George Clooney’s character, as in O Brother, Where Art Thou, is not nearly as sharp as the short stage sword he wears that keeps getting entangled in the chairs that he sits in while wearing his Roman armor. When he wakes up at the posh ocean-side mansion where a dozen or so screenwriters have gathered, he soon is taken in by their Communist arguments—one of the jargon-talking writers even sees significance in the studio’s name–Capitol Studios—when he discuss Marx. I was a little saddened that the Coens cast the writers as total sell-outs to Moscow (there is even a rendes vous with a Soviet submarine later on).
The Coens never even mention the infamous black list which cost so many writers their jobs, though Clooney’s character dialogue does include the phrase “naming names.” For those who know about the black listed writers known as the Hollywood Ten, this is a reference to their refusal to give the names of colleagues who attended various meetings, some of which were Communist sponsored. For a more balanced view showing that some writers were couragous victims of black listing see the film already mentioned Trumbo. Some of the writers did leave the country, but it was not to Moscow via a submarine as in this film, but to exile in France where writers such as Jules Dassin could find work. (See the latter’s marvelous Christ Figure film He Who Must Die.) Despite this, the ensemble cast of character actors make the scenes with the writers very funny, thanks to their jargon and Baird Whitlock’s easy acceptance of their gibberish.
Other delightfully depicted characters that swarm around Mannix are: twin but rival Hollywood gossip columnists Thora and Thessaly Thacker (both played by Tilda Swinton) seeking a scoop on one of his troubled stars; director Laurence Laurentz (Ralph Fiennes) patiently trying to get cowboy Hoagy, now dressed in a tuxedo to say “Would that it were so simple,” a quote that’s bound to become popular with movie buffs; Frances McDormand in a brief scene as a film editor showing Mannix a rush from one of the movies in an old Moviola that becomes jammed with her neck scarf, almost choking her to death; Jonah Hill appearing as a shady private eye; Channing Tatum as a sailor in a dance routine like one from Gene Kelly’s On the Town; and the already mentioned Scarlett Johansson’s DeeAnna wearing a shiny green mermaid tail in an elaborately choreographed water ballet from Esther Williams Million Dollar Mermaid. The Coens might send up the pretentiousness and other foilbles of the old studio system, but they obviously love many of its lavish products. This film might well cause young film lovers to visit the original classics to which the Coens are paying homage.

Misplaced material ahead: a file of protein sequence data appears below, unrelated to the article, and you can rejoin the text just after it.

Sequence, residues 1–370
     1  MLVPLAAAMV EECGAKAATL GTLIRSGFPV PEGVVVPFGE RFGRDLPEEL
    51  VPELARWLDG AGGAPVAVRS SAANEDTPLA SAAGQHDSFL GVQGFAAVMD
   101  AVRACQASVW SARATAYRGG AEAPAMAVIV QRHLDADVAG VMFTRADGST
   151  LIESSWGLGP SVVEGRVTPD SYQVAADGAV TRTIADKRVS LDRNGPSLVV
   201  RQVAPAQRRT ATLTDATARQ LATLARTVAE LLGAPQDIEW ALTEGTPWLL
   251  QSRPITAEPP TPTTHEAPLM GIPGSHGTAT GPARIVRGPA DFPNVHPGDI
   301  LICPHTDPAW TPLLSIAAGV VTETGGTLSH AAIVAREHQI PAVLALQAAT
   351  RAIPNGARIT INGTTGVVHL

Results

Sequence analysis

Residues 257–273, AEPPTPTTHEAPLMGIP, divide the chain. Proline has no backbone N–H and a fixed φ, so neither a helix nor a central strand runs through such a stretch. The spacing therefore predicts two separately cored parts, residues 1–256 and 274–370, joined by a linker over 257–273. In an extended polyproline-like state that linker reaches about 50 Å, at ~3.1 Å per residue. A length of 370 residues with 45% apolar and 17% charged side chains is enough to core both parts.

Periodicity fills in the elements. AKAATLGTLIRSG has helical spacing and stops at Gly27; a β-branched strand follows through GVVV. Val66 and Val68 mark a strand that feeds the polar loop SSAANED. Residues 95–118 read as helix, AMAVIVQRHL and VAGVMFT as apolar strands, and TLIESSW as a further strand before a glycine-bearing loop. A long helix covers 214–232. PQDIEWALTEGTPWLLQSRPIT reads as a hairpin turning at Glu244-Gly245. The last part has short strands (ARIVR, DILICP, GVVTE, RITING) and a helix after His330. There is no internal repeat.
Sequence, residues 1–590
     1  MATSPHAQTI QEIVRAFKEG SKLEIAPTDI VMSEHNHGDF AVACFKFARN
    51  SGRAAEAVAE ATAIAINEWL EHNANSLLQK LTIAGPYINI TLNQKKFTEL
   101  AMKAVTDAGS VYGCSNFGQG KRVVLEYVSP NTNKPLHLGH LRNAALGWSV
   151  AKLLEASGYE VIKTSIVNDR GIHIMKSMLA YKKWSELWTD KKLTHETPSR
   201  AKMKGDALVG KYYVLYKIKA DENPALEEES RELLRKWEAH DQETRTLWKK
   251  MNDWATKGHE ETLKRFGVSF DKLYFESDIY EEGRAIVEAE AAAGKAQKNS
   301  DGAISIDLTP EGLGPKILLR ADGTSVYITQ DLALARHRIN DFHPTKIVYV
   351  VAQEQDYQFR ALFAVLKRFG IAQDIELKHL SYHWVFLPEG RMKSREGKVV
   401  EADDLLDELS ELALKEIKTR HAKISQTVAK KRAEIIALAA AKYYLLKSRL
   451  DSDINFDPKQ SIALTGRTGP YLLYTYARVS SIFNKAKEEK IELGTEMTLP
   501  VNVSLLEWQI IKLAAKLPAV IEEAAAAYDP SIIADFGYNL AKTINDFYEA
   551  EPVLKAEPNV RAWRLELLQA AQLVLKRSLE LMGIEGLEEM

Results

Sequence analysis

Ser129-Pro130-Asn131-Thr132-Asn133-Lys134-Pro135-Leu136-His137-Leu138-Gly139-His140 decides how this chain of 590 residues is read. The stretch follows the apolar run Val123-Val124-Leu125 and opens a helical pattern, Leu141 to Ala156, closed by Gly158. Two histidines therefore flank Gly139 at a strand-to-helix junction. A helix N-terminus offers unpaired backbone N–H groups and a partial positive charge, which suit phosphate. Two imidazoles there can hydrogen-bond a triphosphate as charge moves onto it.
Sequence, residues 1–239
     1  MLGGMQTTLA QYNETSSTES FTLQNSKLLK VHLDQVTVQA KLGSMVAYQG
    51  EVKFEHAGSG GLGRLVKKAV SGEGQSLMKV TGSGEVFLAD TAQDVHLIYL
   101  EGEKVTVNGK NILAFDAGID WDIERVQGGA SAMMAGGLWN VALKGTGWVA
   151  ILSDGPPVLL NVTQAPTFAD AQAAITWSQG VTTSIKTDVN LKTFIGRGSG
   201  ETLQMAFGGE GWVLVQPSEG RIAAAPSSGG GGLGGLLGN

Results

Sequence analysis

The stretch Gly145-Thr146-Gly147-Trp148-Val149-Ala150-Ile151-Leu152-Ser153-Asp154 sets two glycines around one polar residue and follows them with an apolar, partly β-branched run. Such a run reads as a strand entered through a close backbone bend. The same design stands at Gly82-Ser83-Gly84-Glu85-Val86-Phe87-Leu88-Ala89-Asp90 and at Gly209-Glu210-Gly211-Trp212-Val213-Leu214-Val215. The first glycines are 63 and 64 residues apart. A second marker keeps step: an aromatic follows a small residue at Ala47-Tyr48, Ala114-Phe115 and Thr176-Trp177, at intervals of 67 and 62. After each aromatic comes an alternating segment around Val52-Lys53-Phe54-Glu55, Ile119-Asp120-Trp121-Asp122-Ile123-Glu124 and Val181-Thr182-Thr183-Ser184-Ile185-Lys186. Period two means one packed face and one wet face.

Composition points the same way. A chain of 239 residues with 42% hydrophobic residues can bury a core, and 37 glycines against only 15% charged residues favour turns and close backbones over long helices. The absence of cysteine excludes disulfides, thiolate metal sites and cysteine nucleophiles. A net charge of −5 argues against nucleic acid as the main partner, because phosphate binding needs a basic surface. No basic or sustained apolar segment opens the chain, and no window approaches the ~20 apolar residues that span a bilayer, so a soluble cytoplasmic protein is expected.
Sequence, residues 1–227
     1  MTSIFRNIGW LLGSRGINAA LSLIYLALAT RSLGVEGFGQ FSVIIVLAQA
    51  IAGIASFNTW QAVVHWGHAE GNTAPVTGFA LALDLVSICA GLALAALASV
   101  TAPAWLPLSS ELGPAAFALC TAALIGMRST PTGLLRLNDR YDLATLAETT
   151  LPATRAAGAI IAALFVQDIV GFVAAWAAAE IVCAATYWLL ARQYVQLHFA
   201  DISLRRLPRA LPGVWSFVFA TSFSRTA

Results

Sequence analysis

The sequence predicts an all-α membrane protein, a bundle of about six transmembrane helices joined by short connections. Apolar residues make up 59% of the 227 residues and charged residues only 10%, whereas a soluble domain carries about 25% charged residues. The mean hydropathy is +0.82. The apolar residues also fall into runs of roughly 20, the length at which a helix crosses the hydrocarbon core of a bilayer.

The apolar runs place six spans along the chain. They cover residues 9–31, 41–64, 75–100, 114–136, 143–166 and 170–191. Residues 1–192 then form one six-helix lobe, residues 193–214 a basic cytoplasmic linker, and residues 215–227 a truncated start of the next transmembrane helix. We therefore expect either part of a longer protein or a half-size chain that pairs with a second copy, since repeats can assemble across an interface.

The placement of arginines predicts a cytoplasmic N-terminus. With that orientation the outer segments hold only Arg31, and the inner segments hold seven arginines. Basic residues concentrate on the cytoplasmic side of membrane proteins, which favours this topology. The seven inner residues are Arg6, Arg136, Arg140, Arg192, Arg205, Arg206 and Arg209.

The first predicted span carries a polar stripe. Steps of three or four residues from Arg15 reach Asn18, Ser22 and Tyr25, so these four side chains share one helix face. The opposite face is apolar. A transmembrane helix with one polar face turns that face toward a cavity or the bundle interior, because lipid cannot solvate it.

The film is not as serious in its approach to faith as A Serious Man, but it’s depiction of a pious Catholic trying to stick to his faith despite the circumstances around him makes for an appealing movie. The new job offered him makes his decision concerning it a difficult one. If only he had the time to reflect upon it, but he barely has the time to sleep. The agent’s urging him to take up at Lockeed “something serious” dealing with America’s Cold War struggle against the Soviet’s, rather than staying with the frivolous “circus” that is Hollywood adds to the temptation. What Mannix finally decides brings in the sub-theme of call. Perhaps, like Esther, he was called “for just such a time as this.” There is no doubt that his quick mind and abilities make him the perfect man for his present job. But is the cause worthy of dedicating of his time and talents? Although they make fun of the system, the Coens also spend a lot of time in recreating the magic moments that still bring us joy and a sense of awe at the incredible talent of performers and filmmakers of that vanished era.
This film with a set of discussion questions will be in the March issue of Visual Parables.